Small talk is an everyday part of work, but politics is emerging as a significant productivity drain. It is also a frequent source of conflict. Here are tips that might help.

It’s natural for employees to chat with colleagues about things that are happening in the news. We bring the events of home, family, and the latest headlines with us to work. We share snippets in cafeterias, commutes, break rooms and over cubicle walls.  Small talk is part of a normal work day.

Sometimes, things get a little animated or even heated. Think about competitive sports bouts or elections. Usually things bounce back after a few days.

But today, people are still very consumed by politics at work even though the election has long since passed. In a recent  survey in the Washington Post, workers said that since the election, their colleagues talk more about politics than work. They also report spending an average of two hours a day reading about politics, much of that on social media at work. Almost a third admit to being less productive since the election. Nearly half of those surveyed say they’ve witnessed an argument about politics at work.

It’s not a total surprise. The political climate is contentious and the workplace reflects real life concerns.

What’s an HR manager to do?

As a manager, you are responsible for workforce productivity.  You must also create a safe, respectful conflict-free zone for people to work. If you find that politics is disruptive in your workplace, we’ve gathered expert resources that might help.

Sandy Smith asks Are you finding yourself playing referee to political discussions in the workplace? in EHS Today. She interviews a workplace management consultant who offers six concrete tips for dealing with disruptive politics at work. Among her recommendations: Stay neutral. Challenge people to find common ground. Keep people busy and “Keep all eyes on the prize:  the new product, the new contract, the new client.”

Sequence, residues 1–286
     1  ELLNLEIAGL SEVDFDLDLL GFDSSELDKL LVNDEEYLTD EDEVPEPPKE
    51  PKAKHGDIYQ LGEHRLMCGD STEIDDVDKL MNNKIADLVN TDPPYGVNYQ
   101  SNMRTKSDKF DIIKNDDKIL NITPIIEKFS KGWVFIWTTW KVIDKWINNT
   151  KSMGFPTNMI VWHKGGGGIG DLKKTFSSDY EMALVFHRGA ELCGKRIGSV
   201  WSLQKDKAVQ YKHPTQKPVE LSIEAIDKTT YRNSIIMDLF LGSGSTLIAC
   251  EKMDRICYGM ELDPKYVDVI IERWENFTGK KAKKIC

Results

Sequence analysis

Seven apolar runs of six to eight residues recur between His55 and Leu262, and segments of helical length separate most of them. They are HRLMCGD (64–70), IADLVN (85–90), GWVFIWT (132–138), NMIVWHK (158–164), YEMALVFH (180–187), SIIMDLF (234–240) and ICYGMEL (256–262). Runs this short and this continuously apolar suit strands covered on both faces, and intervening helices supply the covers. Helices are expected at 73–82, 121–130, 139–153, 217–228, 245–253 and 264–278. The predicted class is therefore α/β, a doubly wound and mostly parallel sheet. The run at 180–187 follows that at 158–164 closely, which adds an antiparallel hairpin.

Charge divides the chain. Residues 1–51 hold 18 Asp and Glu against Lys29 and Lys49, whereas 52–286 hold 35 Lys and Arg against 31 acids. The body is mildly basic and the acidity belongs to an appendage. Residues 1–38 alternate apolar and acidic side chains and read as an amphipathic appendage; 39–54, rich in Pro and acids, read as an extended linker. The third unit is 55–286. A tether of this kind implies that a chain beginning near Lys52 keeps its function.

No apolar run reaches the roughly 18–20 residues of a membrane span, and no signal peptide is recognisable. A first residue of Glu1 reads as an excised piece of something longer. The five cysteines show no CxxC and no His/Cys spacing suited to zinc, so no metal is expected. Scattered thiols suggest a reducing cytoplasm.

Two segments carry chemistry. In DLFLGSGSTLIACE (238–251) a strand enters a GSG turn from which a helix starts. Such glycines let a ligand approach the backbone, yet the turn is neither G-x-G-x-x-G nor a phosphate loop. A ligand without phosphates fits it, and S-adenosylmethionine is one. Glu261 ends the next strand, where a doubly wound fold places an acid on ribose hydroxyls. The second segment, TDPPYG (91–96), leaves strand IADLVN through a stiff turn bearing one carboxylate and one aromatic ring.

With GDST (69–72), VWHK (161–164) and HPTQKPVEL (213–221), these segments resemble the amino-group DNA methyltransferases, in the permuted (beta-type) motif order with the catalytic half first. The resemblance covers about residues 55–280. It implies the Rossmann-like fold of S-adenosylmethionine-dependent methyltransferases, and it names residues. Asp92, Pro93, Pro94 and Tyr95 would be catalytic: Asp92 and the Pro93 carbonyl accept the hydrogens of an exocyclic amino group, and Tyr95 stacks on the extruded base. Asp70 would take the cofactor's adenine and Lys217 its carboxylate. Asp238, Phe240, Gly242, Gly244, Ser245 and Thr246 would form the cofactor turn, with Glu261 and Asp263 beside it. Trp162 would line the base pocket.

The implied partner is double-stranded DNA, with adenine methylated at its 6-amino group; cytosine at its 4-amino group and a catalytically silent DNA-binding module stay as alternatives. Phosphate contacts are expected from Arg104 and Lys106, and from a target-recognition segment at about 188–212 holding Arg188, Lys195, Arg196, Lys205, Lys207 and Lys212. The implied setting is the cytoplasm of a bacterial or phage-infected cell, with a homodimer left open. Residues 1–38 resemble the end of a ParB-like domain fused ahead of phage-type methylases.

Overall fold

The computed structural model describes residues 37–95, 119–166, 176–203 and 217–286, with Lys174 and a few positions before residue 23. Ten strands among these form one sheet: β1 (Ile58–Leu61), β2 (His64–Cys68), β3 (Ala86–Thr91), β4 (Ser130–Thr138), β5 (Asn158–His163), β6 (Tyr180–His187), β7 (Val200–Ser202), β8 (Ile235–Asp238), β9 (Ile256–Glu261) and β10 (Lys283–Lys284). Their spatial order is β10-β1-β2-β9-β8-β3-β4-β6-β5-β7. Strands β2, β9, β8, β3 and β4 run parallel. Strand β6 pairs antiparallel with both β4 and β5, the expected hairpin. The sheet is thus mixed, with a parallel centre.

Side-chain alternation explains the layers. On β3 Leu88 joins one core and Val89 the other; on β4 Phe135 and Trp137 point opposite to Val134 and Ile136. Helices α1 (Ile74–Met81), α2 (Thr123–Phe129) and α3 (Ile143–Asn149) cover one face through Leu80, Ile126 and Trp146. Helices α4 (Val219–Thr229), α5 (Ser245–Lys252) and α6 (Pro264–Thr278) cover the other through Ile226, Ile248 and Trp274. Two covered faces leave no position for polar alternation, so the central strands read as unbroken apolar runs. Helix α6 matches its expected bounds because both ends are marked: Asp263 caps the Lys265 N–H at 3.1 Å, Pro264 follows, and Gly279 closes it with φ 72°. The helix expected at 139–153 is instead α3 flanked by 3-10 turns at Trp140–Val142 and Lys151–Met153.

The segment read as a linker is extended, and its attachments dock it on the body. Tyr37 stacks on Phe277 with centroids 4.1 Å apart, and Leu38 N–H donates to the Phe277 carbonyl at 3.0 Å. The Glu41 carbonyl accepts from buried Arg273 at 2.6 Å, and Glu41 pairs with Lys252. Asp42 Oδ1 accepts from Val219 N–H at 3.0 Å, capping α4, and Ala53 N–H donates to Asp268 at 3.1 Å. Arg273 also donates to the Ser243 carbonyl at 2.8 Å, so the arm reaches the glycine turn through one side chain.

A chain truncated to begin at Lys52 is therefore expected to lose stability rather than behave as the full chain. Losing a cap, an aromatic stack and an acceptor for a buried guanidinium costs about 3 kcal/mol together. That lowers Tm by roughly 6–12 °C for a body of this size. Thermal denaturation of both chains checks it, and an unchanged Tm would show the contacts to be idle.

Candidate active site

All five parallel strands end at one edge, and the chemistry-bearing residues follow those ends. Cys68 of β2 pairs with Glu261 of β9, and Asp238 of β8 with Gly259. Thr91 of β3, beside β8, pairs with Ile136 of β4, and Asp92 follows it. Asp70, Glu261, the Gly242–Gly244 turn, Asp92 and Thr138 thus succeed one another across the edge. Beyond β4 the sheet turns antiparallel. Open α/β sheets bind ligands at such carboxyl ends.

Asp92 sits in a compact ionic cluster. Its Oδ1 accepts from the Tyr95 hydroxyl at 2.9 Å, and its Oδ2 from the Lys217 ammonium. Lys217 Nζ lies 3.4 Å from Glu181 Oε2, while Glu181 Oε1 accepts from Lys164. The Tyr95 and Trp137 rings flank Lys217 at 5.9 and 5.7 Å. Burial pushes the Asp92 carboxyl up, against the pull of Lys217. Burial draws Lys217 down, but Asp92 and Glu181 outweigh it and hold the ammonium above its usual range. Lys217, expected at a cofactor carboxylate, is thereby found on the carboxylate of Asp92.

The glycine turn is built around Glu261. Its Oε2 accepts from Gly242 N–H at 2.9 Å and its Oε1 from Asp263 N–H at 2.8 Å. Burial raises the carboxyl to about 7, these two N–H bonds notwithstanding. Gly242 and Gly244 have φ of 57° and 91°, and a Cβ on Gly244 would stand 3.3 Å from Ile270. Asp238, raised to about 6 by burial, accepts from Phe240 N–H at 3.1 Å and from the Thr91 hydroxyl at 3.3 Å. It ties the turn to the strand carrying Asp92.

In Harvard Business Review, David W. Ballard talks about the challenges of Navigating Political Talk at Work. Citing another study on post-election workplace disruption, he discusses strategies for both employers and employees to bridge the differences. These include focusing on common goals and shared values. He also offers this advice for employers:

“Having a clear policy that describes any limitations on political activities in the workplace and making sure employees are aware of the expectations is a good start, but political conversations are inevitably going to occur. The most effective approach is to promote a workplace culture that embraces respect and trust so that difficult conversations and disagreements (political or otherwise) can take place in a civil environment. A psychologically healthy workplace is good for employees and the organization even in the best of times, but it’s particularly critical during challenging and polarizing times.”

At SHRM, employment law attorneys Brian Pedrow and Christopher Cognato write about Managing Divisive Politics in the Workplace. They remind employers that a blanket ban on political conversation may be overbroad. In fact, some state laws prohibit messages that could be construed as influencing or controlling an employee’s political activity. But they offer this recommendation:

“Find ways to reaffirm a principle that should already serve as a foundation for your organization’s policies: The work environment should be a place of mutual respect where employees feel valued by their employer and peers (notwithstanding the National Labor Relations Board [NLRB] general counsel’s dislike of the use of the word “respectful”). Employees should also know that the organization expects that conversations and activities not related to work will not detract from what should be the primary focus—work. “

Tools and articles on conflict resolution that might be helpful

Other tools that can be helpful to managers are refresher training in conflict resolution – both for yourself and for your staff. (Members of our EAP have related trainings available for both managers and employees, These include Conflict and Anger Management, Peer Relationships, Emotional Intelligence at Work and Team Building)


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